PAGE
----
The Traditional ‘Guidelines’ of Yoga: Exploring The ‘Eight Limbs’

The Eight Limbs of Yoga are seen a a guide, or framework, to practicing yoga. They were described in Patanjali’s ‘Yoga Sutras’, and resemble the Buddhist Eightfold path to enlightenment. The Eight Limbs describe yoga as a spiritual practice, encompassing body, mind and spirit, and detailing ethical and respectful living. They are sometime described as branches, stages, or steps, however they are not necessarily meant to be taken as progressive steps to be completed on after each other, but linked as equally essential elements in our movement towards unity with the Divine – ‘the energy of the universe’

The Eight Limbs of Yoga are Yama, Niyama, Asana, Pranayama, Pratyahara, Dharana, Dhyana, and Samadhi.


Yama is ‘respectful and ethical living’ – towards other people and things. There are five components to Yama that are intended to guide behaviour and encourage restraint.

– Ahimsa: non-violence, “do no harm”, compassion – thoughts, words and actions towards others.
– Satya: truthfulness and honesty, “right speech”.
– Asteya: non-possessiveness, “do not steal”. Do not take what is not yours, including not taking more than you are entitled to.
– Bramacharya:  non-lust;. Traditionally meaning celibacy, but usually interpreted as sexual integrity. Using our sexuality and sexual energy responsibly and not using it in a way that harms ourselves or others.
– Aparigraha: non-possessiveness. Similar to Asteya, but this refers to ‘wanting’. Being grateful and appreciative, not greedy.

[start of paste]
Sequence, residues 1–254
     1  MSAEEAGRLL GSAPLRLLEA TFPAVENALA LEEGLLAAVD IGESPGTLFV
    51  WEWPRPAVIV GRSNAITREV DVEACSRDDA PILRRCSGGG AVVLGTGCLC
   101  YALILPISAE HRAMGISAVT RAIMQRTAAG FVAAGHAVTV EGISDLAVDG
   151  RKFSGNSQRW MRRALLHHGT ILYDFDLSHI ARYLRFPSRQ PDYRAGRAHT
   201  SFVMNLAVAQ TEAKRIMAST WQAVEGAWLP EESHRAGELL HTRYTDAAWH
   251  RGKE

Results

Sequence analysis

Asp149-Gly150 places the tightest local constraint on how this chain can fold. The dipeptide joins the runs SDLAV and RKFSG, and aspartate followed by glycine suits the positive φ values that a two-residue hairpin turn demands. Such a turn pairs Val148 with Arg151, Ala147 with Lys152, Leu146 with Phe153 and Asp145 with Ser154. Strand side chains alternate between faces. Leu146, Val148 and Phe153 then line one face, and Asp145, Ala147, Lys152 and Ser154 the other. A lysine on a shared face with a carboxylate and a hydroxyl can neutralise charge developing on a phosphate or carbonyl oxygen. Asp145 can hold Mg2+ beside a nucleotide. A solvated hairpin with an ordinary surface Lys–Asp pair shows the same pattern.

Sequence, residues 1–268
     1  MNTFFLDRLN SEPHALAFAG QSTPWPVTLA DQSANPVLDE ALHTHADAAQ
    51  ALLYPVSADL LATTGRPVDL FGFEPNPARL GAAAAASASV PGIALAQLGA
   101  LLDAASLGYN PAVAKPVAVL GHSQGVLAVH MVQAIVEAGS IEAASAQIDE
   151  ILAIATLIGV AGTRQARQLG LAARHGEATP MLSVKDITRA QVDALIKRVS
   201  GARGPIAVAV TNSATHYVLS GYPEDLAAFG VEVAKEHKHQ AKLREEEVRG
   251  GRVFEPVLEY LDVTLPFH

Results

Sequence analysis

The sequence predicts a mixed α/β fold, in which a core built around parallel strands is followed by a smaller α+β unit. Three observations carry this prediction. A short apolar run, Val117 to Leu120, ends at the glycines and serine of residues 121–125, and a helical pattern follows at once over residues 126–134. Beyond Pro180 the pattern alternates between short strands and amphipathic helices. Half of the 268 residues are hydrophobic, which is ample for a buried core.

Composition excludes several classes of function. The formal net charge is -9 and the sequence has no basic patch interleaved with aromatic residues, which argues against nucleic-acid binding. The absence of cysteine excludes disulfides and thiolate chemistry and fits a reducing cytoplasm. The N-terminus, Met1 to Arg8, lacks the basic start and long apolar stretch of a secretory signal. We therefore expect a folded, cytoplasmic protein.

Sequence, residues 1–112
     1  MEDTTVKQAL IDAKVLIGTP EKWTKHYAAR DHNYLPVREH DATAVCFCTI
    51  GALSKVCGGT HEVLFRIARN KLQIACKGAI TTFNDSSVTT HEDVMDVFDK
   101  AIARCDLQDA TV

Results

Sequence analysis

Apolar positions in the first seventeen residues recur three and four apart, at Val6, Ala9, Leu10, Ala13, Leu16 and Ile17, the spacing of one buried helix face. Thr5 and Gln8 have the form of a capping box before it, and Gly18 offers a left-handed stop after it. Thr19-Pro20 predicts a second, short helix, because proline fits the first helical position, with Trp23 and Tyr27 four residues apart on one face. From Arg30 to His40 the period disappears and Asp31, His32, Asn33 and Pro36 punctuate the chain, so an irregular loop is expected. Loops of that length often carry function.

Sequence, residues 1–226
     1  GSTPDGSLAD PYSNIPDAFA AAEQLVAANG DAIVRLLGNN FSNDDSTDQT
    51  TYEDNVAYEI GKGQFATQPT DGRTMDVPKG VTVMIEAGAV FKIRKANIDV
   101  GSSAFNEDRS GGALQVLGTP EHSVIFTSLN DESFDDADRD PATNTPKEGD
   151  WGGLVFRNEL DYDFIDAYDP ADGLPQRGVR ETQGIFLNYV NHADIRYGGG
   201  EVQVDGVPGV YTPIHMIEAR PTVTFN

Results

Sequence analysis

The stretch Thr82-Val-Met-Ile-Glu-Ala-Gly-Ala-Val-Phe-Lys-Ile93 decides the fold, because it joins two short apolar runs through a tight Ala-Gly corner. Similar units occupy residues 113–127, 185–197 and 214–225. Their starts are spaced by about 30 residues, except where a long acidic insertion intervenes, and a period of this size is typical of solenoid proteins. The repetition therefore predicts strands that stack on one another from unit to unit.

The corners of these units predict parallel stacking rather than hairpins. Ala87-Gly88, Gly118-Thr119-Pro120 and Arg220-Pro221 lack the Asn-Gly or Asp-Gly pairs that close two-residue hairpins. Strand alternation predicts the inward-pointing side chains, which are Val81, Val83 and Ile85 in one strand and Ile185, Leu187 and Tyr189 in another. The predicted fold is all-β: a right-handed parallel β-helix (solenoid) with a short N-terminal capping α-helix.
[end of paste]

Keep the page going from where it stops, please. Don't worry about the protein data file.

Niyama is personal ethics and behaviours towards ourselves. There are five components to Niyama, which are intended as ‘self-training’ guides to our behaviour.

– Saucha: cleanliness, purity, ridding ourselves of ‘toxins’. This includes physical hygiene, eating wholesome food, using non-toxic products and ‘pure’, unharmful thoughts.
– Santosha: contentment, satisfaction. Being ‘in the moment’ and at peace with our present situation.
– Tapas: sustained practice. Discipline. Making choices that positively effect our mind, body and spirit.
– Svadhyaya: self-study, personal growth and development.
– Isvara pranidhana: surrender to, and celebration of, {the energy the is greater than ourselves}. The Universe, God, the Divine…


Asanas are what most people associate with yoga – the poses. The poses are intended to be practiced in conjunction with the other Eight Limbs, as they all build off one-another.  Asanas are used to bring balance and flexibility to the body, the mind and the spirit. Different poses allow us to focus and open up to new energy and ideas.


Pranayama is focused on the breath – awareness and control of prana – the breath; “breath control leads to mind control”.


Pratyahara is concenred with awareness and control of the senses. The aim is to meditate and move inward; to become aware of, but also withdraw/detach from, the external senses.


Dharana is focused meditative practice. When the mind is emptied of the concerns of external sensory stimulation, concentration and single-pointed focus and awareness can be mastered.


Dharana is focused awareness; Dhyana is deep meditation and stillness. Being able to achieve stillness enables us to meditate and consider the concept of ‘reality’ and the Divine energy.


The final limb is Samadhi, which is likened to enlightenment in the Buddha’s Eightfold path. Samadhi is merging with, or union with, the Divine energy. This is the goal of yoga – working towards enlightenment and an knowing/understanding and awareness of  truth.

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